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May 4, 2023

Screenplay Formatting Mistakes You Should Avoid

Screenplays require meticulous attention to detail, as even minor formatting mistakes can detract from the story.

Fortunately, screenwriting software like Arc Studio automates most of the process, leaving only a small margin for error. However, you should strive to remove all formatting errors from your script before submitting. Let's explore common formatting mistakes and how to avoid them.

These mistakes typically fall into two categories: the basics and stylistic norms.

The basics

Here are some basic checks you should do on your script before you submit it or go looking for more detailed formatting issues.


Prioritize impeccable spelling. A script with spelling mistakes in its first three pages can be disqualified from consideration. Use spell check, and proofread for homophones.

Scene heading format

Scene headings must be entirely capitalized and follow this structure: INT. or EXT., location, and time of day (e.g., INT. HOSPITAL ROOM - DAY).

Character introductions

Capitalize a character's full name upon first introduction. Ensure consistency in character names throughout the script.

Post-edit cleanup

After making edits, double-check that all changes have been implemented correctly, and there are no inconsistencies or confusing elements.

Automated formatting errors

Thoroughly proofread your script to catch any formatting mistakes caused by automated software.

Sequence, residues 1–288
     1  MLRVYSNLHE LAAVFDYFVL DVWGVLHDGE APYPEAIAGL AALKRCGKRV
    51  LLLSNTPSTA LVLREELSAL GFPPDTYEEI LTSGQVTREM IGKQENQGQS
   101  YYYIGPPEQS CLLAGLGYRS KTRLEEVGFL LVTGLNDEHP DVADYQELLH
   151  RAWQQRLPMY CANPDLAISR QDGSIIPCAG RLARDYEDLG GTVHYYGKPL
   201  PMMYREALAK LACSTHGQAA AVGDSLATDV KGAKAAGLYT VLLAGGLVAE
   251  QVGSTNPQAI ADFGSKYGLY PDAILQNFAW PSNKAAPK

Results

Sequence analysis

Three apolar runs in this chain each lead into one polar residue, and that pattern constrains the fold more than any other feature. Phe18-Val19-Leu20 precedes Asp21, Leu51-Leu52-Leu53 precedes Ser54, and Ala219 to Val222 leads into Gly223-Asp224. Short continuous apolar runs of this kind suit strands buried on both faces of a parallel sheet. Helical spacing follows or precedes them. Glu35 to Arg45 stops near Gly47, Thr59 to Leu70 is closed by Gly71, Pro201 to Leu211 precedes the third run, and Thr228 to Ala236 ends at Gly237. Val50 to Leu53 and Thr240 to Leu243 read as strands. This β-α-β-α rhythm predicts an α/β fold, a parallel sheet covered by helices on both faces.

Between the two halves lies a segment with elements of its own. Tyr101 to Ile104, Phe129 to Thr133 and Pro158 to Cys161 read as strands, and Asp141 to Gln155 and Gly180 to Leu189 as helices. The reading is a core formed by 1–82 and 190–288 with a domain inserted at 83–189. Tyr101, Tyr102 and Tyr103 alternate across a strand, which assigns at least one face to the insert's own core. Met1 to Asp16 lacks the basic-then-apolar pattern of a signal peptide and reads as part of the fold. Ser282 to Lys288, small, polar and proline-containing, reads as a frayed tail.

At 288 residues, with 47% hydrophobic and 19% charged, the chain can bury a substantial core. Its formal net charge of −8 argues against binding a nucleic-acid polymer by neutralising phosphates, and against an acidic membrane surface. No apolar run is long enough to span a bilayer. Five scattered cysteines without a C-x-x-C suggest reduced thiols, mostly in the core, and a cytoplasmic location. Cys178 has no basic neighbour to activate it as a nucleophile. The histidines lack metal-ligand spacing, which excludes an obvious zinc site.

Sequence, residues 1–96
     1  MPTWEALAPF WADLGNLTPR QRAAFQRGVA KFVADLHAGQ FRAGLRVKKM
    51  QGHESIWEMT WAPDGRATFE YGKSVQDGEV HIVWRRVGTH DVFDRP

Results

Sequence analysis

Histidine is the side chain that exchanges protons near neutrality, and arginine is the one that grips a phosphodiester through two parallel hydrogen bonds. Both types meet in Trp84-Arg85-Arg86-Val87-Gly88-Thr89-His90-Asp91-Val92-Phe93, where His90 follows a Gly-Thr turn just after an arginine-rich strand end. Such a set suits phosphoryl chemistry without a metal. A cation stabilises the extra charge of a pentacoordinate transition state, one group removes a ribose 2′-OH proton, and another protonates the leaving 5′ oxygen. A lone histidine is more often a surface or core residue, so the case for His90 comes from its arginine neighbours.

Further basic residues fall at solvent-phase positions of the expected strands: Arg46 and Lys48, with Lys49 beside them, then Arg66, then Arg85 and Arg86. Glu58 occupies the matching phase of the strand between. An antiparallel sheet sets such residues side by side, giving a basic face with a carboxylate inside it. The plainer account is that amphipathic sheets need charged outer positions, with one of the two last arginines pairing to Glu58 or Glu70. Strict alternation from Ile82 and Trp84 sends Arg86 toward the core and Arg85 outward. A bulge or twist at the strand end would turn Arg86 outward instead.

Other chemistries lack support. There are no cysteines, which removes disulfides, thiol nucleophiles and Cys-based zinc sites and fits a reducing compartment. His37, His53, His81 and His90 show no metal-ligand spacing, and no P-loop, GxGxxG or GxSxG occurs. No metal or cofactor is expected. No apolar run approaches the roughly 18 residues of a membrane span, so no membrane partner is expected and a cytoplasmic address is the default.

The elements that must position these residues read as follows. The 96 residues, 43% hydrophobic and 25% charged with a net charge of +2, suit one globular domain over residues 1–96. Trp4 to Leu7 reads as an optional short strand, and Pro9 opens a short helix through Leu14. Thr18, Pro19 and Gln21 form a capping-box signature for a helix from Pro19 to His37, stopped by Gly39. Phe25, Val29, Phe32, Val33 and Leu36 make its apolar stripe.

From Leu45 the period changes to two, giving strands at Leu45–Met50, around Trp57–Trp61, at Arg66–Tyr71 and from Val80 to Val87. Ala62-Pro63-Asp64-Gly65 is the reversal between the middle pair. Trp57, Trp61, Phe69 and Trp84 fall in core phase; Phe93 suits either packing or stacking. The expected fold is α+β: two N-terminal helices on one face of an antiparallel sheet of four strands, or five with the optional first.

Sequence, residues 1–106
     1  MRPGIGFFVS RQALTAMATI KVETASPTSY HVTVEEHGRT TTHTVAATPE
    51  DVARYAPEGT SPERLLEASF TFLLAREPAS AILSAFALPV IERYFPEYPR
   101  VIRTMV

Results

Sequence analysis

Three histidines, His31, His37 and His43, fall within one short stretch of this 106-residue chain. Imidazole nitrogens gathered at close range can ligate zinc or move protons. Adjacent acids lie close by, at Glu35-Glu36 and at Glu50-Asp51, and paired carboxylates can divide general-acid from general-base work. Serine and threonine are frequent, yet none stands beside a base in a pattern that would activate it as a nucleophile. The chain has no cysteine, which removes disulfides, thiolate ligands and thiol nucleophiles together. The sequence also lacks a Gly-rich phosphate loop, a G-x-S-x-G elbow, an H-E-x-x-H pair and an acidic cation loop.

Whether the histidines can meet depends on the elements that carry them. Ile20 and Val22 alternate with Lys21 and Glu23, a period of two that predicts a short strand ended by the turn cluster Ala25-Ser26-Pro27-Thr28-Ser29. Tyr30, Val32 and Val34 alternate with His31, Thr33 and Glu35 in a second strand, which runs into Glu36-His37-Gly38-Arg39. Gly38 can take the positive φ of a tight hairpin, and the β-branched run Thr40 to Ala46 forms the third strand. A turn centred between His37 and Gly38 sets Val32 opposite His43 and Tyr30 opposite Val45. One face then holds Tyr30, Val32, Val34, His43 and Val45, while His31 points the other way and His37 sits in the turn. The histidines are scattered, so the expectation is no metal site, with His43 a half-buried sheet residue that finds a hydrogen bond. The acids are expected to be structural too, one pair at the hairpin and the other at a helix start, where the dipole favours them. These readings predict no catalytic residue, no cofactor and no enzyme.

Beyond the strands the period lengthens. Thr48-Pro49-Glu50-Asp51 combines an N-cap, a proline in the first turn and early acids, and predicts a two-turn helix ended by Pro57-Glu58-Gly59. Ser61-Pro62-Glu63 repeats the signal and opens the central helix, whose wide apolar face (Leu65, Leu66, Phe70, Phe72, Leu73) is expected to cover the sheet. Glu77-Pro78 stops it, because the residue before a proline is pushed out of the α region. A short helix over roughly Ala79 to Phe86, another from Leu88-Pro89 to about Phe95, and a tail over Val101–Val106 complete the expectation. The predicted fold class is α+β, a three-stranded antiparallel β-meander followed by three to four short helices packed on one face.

A screenshot of Arc Studio screenwriting software
Arc Studio helps you automate the formatting process but you still need to check it for errors

Beyond using automated tools, consider having a trusted friend or colleague read through your script to identify any errors you may have missed. Fresh eyes can often spot mistakes that might have gone unnoticed due to your familiarity with the content. Additionally, reading your script aloud can be helpful in identifying awkward phrasing or inconsistencies in dialogue.

Stylistic norms

Here are some stylistic norms you should adhere to when formatting your script. As with everything in screenwriting there are times when you can disregard these rules but more often than not you need to comply with them.

Avoid cut to

Cut to...: Avoid excessive use of "CUT TO" as it disrupts the flow and consumes valuable page space. Convey transitions through descriptions and paragraphing.

Scene headings

Include a new scene heading whenever the scene, time, or location changes. Only use "Continuous" when action moves seamlessly between locations.

White space

Maintain concise and precise writing, creating ample white space on the page. Aim for paragraphs of four lines or less.

Filmable content

Ensure that everything written is filmable. If a detail is important, find a way to visually convey it, rather than relying on un-filmable descriptions.


Develop a consistent writing style that provides an enjoyable experience for the reader.

Dialogue formatting

Properly format dialogue by placing the character's name in all caps, centered above their lines. The dialogue itself should be indented and follow traditional punctuation rules.